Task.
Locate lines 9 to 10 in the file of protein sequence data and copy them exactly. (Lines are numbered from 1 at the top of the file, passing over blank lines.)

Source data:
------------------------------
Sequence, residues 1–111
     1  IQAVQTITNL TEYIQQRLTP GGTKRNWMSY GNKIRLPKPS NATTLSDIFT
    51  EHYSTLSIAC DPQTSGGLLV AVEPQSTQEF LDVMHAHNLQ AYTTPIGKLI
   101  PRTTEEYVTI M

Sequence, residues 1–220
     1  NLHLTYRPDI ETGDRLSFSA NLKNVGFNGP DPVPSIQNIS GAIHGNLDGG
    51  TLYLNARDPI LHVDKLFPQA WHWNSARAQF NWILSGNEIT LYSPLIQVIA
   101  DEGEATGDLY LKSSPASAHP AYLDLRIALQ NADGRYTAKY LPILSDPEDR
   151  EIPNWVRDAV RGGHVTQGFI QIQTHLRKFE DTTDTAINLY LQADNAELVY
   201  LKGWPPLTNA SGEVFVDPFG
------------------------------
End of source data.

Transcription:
   151  EIPNWVRDAV RGGHVTQGFI QIQTHLRKFE DTTDTAINLY LQADNAELVY
   201  LKGWPPLTNA SGEVFVDPFG